Sometimes when you write so fast and furious and it’s nonstop, you run out of fuel. There’s a thing that gets you going when writing, and you might just drain all of that out of your system after writing 30,000 words in a week. So take a step away from the computer, tablet, or typewriter, whatever you write on, and take a deep breath. Take a little break from writing. Pile up on some books to get your inspiration and motivation going until you are oozing ideas and a fabulous writing attitude (sorry for the mental image.)

Just take a minute to breath, away from Microsoft Word, or some other writing program you use. Relax and let all your brain muscles relax, drink in what you’ve accomplished, and don’t worry about how many more words you have to write. Or your deadline when writing a novel. It won’t help. Inhale, exhale, inhale; you will feel better in no time.

Have you ever had that steam come out of you when reading? Where you read through three hundred to five hundred books in only two days? That’s what you might have lost back when writer’s block hit you upside the head, instead, in this case, it was writing. Refuel your system, and writer’s block will disappear for now. Just do not overdo it like last time.

You also have to understand what writer’s block is. Writer’s block is when you do not know what to write, or how to continue your story. You might open the floodgates for a few days and the story will practically write itself, until you burn out.

Don’t neglect your writing. Best to press the pause button until you are ready to press play again.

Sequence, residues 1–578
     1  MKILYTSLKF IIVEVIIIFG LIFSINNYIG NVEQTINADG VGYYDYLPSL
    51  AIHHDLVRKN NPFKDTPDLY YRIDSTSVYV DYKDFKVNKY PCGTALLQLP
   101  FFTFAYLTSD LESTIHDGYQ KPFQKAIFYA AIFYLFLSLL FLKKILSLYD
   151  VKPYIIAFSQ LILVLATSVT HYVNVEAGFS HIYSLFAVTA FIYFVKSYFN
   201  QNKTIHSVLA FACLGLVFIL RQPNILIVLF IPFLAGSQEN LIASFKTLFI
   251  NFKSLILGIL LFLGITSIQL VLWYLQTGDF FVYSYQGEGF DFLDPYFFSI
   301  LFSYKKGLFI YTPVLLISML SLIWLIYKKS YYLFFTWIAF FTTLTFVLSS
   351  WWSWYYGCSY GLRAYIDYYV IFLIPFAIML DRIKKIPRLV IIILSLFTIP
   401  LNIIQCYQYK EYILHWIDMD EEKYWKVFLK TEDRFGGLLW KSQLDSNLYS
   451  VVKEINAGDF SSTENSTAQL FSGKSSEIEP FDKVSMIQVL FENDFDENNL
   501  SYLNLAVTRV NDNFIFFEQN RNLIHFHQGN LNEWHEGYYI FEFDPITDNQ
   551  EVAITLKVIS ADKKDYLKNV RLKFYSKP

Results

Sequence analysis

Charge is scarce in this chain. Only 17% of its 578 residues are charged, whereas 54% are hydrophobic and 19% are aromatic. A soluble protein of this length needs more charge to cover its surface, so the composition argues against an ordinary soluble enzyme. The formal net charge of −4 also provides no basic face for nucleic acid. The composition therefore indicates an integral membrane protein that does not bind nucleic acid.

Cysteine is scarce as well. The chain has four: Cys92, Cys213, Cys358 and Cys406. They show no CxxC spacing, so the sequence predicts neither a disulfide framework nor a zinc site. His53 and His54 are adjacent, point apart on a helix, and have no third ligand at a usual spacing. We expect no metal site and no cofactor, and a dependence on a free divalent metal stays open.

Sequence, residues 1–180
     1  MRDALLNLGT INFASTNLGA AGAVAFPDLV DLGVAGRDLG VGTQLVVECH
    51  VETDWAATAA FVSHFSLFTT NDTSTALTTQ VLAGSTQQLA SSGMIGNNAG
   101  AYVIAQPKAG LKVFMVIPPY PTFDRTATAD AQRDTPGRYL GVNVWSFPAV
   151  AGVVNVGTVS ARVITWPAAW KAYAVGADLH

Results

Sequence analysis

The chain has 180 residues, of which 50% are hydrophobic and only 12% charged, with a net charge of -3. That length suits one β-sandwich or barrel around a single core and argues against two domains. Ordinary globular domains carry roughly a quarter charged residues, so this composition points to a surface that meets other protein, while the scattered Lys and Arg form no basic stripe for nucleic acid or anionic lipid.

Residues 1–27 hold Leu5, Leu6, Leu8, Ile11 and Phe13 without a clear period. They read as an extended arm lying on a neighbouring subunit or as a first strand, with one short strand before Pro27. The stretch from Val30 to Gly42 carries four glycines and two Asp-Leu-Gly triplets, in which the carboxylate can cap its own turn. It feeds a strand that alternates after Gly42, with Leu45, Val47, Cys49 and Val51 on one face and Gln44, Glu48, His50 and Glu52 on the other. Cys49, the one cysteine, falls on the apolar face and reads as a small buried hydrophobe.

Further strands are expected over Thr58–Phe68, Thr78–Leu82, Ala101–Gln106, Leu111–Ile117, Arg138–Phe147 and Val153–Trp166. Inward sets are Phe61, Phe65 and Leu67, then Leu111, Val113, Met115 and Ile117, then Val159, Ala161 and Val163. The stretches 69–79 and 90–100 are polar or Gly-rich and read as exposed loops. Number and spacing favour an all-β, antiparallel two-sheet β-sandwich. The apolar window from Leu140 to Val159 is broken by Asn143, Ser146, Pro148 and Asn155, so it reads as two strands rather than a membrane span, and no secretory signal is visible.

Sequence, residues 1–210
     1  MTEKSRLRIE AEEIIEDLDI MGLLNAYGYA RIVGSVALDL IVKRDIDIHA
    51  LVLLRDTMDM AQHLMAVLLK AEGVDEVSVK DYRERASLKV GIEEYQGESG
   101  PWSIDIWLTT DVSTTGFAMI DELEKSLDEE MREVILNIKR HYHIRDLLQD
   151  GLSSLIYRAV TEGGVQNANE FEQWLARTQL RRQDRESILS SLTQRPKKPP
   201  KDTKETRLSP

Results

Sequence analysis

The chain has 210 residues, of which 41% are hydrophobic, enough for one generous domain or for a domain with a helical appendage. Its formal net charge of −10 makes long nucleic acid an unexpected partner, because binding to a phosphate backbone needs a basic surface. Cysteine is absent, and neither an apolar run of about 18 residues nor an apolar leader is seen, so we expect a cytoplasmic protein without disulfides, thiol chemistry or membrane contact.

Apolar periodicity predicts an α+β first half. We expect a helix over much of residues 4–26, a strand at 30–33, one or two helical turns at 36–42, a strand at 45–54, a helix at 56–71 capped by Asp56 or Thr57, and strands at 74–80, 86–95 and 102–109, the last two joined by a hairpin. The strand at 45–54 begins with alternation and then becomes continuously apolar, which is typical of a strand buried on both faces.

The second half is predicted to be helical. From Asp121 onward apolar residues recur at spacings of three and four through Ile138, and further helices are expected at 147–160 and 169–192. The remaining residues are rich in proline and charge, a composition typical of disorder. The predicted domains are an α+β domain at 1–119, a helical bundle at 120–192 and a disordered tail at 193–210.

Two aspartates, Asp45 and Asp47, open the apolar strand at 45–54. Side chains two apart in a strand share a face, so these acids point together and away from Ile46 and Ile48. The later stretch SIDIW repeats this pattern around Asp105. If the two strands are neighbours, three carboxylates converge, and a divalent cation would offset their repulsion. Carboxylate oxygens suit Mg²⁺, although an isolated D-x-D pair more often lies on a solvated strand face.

For me, it’s been the past year I have had writer’s block. My ideas are squash (translation: they suck), and all my stories fall right through the floor, into the pit of my other hundreds of thousands of book ideas that failed to impress me and inspire the wheels in my brain to work. Perhaps I need to take my own advice. Perhaps I need to take a step back and stop trying so hard to write something good. I have been forcing myself to write something magnificent, something intelligent with amazing characters and sinister villains and witty dialogue.

Don’t force an idea. Let the story evolve and write itself. Let it bloom from a seed to a beautiful flower in your mind until you are ready to sit down, place your callused fingers on the keyboard, and write like never before. All of the writer’s block is gone. For now. Hopefully forever.

Go toward writer’s block with a headstrong attitude and surpass the challenge before you.

“Then” and “Than”

Then and than. Homonyms.